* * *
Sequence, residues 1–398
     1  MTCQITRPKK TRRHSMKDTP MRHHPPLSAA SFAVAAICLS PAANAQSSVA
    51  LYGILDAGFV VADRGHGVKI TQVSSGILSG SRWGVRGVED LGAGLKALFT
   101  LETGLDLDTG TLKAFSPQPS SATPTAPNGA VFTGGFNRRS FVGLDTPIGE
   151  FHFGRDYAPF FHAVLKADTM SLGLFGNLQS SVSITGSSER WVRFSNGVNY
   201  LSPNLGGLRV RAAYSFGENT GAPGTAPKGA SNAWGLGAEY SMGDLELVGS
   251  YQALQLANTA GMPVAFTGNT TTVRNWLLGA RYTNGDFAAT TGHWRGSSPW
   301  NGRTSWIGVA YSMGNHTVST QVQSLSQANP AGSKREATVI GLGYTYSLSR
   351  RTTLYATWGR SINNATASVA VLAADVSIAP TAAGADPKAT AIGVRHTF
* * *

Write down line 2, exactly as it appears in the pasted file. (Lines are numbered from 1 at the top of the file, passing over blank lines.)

     1  MTCQITRPKK TRRHSMKDTP MRHHPPLSAA SFAVAAICLS PAANAQSSVA